How the nuts and bolts are connected

On the 24th of September 2017, I’ve placed a single Dell PowerEdge R710 in the XS4ALL datacentre in Amsterdam. Now, three years later, it finally came to an upgrade. I already bought two newer servers (two Dell PowerEdge R720’s) and had them laying around since the end of 2017. Sadly, I never found the money or use-case to swap the R710 for the pair.

In May 2020 I decided that enough is enough! These beauties belong in a nice server rack and should be powered on all the time, not catching dust in my living room- more powered off then on. I decided to contact a good friend of mine and persuaded him to ditch the server he had at home and join me so that I can host both servers in the datacentre. This worked out well and we arranged it such that 1) my lab wouldn’t cost me that much and 2) he would also have access to a nice lab environment 🙂

After this decision to get the two R720’s into the datacentre, time went by so quickly. Now the R720 servers are in use and they are working awesome! The servers are co-located in DC2 of XS4ALL and both servers have access to a 1 Gbps link to the XS4ALL network. In the datacentre, I have a Service Level Agreement (SLA) that has a fair use policy for power and network traffic. I noticed that I can stash quite some traffic before they start asking questions.


It was quite tricky though, I needed to migrate the VM’s from Citrix XenServer, the hypervisor I had running on the single R710, to VMware ESXi. Luckily, I already used my R710 with Citrix XenServer in a customer case to test migrate from XenServer to ESXi. In that project, I was able to automate the migration and I was able to re-use parts of the code for the migration (I’ll see whether I can share some code snippets in a future blog).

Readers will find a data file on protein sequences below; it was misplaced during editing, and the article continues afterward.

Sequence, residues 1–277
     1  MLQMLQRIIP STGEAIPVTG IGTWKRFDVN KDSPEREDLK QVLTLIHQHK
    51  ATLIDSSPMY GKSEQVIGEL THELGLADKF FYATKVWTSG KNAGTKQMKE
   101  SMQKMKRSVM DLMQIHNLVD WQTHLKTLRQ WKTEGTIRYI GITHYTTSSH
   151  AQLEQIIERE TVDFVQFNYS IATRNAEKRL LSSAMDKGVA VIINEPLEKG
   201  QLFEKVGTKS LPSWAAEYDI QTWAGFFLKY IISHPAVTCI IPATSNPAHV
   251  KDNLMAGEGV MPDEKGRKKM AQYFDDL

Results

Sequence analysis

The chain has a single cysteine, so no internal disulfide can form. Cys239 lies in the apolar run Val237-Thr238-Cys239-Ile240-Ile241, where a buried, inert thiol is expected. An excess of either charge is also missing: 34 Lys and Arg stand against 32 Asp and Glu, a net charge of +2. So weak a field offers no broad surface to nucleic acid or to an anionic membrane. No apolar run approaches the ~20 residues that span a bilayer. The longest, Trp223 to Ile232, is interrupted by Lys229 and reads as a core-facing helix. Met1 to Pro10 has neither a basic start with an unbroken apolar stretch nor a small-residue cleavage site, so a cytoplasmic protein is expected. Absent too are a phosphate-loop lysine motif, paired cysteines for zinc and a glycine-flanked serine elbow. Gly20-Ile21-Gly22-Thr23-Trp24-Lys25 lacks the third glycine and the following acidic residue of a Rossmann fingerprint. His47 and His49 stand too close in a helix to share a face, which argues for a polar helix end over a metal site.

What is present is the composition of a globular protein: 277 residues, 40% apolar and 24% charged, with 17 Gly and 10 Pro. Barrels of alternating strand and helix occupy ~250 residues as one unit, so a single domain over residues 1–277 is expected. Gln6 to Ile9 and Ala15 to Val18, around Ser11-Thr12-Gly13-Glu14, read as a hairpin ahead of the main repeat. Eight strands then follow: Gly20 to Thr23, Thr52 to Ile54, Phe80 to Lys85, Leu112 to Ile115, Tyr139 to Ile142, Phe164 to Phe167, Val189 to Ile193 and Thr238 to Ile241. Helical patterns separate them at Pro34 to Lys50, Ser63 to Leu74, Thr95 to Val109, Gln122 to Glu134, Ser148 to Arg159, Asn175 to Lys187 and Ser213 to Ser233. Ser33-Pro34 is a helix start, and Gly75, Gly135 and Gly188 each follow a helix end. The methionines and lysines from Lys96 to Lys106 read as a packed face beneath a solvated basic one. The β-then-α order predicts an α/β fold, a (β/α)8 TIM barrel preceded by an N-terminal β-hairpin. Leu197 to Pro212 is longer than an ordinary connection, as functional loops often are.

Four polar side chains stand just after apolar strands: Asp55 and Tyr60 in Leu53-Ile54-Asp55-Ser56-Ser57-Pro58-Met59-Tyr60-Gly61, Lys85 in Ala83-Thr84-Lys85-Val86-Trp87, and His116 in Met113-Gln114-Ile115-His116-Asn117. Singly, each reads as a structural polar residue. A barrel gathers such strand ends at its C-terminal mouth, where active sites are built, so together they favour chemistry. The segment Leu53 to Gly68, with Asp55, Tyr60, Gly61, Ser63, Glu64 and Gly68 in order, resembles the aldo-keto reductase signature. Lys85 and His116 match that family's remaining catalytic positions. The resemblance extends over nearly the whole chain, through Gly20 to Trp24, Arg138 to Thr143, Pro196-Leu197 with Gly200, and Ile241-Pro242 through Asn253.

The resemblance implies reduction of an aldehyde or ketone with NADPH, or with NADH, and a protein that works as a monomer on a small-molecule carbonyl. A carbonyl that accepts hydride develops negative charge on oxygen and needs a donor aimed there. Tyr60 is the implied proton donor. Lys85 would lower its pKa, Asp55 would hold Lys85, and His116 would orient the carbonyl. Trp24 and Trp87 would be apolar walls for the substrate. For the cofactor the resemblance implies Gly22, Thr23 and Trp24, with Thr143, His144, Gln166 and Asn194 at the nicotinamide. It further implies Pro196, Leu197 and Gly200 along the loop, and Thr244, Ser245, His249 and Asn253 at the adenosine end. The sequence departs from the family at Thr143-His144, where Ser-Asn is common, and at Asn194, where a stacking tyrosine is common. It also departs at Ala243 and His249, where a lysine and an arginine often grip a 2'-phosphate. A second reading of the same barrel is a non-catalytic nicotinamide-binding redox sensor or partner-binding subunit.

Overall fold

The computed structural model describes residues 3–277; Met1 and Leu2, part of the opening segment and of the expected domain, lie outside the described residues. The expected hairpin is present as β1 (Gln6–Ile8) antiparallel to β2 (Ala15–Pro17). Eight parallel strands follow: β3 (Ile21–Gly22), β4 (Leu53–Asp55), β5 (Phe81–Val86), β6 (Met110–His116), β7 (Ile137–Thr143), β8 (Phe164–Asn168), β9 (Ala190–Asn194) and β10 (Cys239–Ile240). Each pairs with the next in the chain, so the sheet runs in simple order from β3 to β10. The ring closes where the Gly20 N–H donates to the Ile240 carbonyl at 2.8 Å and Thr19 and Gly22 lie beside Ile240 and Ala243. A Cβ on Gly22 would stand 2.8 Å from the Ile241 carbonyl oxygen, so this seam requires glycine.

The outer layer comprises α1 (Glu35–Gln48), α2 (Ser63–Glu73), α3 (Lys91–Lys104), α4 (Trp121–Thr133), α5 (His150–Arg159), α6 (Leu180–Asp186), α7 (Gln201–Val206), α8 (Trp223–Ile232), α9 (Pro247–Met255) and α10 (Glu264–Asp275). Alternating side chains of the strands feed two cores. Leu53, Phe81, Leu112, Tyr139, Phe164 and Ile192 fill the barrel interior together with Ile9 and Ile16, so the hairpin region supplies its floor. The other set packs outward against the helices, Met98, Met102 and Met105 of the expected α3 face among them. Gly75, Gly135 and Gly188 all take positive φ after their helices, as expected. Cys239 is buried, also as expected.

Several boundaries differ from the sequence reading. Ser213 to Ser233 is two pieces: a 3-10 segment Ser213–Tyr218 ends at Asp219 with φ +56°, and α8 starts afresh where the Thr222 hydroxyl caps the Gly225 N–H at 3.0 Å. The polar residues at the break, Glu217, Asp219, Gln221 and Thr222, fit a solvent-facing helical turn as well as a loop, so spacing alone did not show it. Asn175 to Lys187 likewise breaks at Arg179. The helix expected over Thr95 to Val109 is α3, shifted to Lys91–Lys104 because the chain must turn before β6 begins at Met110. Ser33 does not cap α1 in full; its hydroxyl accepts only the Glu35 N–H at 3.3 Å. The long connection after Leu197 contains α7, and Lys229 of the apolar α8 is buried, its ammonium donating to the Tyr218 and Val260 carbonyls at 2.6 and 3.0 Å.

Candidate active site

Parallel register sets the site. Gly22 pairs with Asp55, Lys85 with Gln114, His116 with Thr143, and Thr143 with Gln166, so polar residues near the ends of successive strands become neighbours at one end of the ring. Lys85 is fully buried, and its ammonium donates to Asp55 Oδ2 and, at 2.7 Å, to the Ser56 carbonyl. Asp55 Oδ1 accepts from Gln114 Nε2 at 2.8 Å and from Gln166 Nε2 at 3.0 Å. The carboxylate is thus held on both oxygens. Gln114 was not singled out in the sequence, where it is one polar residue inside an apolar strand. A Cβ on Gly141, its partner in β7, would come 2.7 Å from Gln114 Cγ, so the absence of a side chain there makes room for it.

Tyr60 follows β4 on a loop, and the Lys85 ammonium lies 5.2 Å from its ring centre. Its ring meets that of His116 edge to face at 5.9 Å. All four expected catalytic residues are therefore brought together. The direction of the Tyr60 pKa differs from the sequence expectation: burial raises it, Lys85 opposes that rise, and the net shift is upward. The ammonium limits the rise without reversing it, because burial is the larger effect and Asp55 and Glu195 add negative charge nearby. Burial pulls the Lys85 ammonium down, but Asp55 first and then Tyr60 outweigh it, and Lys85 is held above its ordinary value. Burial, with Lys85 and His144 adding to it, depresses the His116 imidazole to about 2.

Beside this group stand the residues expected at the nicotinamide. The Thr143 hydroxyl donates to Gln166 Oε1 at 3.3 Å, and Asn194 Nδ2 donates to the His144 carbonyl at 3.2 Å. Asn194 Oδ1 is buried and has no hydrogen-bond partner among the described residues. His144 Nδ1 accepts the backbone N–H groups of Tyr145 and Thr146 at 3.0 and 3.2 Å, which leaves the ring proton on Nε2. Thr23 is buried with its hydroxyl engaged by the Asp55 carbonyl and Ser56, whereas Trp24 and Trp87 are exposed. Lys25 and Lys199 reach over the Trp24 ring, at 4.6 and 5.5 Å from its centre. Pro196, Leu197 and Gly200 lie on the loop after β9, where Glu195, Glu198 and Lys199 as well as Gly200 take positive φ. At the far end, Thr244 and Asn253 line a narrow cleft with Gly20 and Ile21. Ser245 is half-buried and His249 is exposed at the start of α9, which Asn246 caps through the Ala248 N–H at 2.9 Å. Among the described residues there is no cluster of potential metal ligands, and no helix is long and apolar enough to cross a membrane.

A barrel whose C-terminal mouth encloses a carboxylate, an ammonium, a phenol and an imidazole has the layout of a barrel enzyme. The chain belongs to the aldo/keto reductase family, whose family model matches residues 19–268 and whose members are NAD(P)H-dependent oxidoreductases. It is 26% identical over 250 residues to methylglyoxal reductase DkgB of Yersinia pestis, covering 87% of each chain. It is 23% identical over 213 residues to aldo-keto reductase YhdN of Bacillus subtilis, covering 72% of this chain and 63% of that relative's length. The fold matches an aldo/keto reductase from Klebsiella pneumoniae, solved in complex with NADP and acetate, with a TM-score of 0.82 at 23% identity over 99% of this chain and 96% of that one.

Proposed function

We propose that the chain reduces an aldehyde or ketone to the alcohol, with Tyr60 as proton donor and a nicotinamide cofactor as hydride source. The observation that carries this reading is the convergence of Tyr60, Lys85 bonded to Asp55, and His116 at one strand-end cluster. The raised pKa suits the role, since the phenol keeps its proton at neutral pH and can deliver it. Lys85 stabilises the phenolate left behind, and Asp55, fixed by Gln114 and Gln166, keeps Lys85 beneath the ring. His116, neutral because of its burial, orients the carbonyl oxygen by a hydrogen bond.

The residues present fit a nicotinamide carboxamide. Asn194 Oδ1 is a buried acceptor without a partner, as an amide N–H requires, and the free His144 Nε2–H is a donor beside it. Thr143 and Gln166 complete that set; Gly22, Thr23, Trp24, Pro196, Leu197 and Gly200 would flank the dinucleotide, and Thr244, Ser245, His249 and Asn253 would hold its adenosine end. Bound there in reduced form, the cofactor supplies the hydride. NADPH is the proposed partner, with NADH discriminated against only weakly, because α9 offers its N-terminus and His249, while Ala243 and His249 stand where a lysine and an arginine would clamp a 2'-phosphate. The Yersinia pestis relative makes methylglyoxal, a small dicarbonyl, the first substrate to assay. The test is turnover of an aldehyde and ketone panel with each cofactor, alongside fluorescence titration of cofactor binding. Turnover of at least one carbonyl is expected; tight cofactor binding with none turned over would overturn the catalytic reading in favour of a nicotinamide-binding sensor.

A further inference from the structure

The Specs

Now the interesting part: what hardware am I running in those R720’s? Well, both ESXi hosts have roughly the same hardware, except one server has additional disks as this is the arrangement that I made with the earlier-mentioned friend. So what hardware are we talking about?

  • CPU: Intel(R) Xeon(R) CPU E5-2660 v2 @ 2.20GHz (2x) 44 Ghz ESXi host
  • Memory: DDR3L ECC 10600R (1333 Mhz) (16x16gb) 256 GB per ESXi host
  • Storage:
    • Controller: PERC H710P Mini
    • SSD: Samsung 850 Pro 1TB (2x per server)
    • SAS: Hitachi 900 GB SAS HUC10909 CLAR900 (900GB, 10k) (9x per server)
    • HDD: Seagate Barracuda Compute (5TB, 5400rpm) 4x only ESXi04)
    • HDD: Seagate Desktop (3TB, 7200rpm) 1x per server
  • Networking:
    • Intel(R) X520-DA2 (2x 10 Gbps)
    • Intel(R) Gigabit 4P I350-t (8x 1 Gbps)

At this moment, sadly, my hoster doesn’t provide a 10 Gbps uplink port. So that’s why the servers now have their own 1 Gbps uplink. I do keep one of the 10 Gbps ports free, for possible future use.

I’ll end this blog with one of my favorite quotes that I just need to share with you. Thanks for hanging on till the end of this blogpost. In my future posts, I hope to show you what cool stuff I have running in my lab environment. Leave a comment if you have any questions or if you liked this blog and I’ll get back to you.

The most elementary and valuable statement in science, the beginning of wisdom, is “I do not know”.

(Berman, 1987)

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Bart Oevering
Bart vExpert NUC